Manto Festival lacks festive mood -Pakistan Press Foundation (PPF)

Paksitan Press Foundtion

Manto Festival lacks festive mood

Pakistan Press Foundation

LAHORE: The four-day Manto Festival organised by the Lahore Arts Council began at the Alhamra Art Centre, The Mall, here on Monday, but without having any festive feel about it.

Though the event has been labelled as ‘festival’ on prolific writer Saddat Husain Manto, the council seems to have completely ignored the ‘festive’ element as far as the venue is concerned. There are neither any illuminations nor life-size portraits of Manto or some other embellishments at the venue.

Despite such lackluster arrangements, the non-ticketed event succeeded in attracting on its inaugural day a good number of audience comprising theatre lovers, participating groups, artistes and students from different institutions.

The inaugural play of the festival was by Maas Production, a group of artistes evolved out of Alhamra Academy of Performing Arts in 2003. The decade-old theatre group staged their new play ‘Ye Tha Manto’.

Directed by Amir Nawaz and written by Arshad Chuhal, a PTV script editor from Islamabad, the play was 17th production by the group.

The 75-minute play comprised dramatisation of two short stories of Manto — Khol Do and Hattak. The production also discussed the controversies Manto faced in his life and also tried to give Manto’s point of view on these issues.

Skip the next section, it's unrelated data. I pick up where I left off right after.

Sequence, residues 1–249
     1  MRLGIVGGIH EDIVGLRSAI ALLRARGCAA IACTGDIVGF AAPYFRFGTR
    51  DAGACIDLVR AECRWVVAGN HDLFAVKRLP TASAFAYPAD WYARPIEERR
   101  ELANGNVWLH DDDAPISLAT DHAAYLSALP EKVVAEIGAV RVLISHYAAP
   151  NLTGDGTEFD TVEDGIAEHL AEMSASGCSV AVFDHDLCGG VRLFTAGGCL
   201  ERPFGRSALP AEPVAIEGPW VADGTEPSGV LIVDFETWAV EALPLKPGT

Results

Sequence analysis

As far as acting and overall quality of the play was concerned it was average. Aamir Ali, who played Saadat Hassan Manto on the stage, could hardly be heard at the back rows. The set was experimental, the light effects were good. On the whole, it was a good effort.

According to Madeeha Gauhar, the moving spirit behind Ajoka, the theatre team should have done more effort on the play.

Azad Theatre director Malik Aslam termed the play a good effort and said that artistes had tried to come up to the expiations of the audience.

Aamir Nawaz, the creative director of the play, told Dawn that most of the artistes were trained under the supervision of late CM Munir, a known name in the Pakistani stage circles. Munir took their acting classes at Alhamra Academy of Arts. He said since it was going to complete its 10 years in December, the Maas Theatre would pay a tribute to C M Munir on the occasion by staging a play in his memory.

On Wednesday (today), Azad Theatre will stage ‘Dafa 292’ at the same venue and at 7pm.

DAWN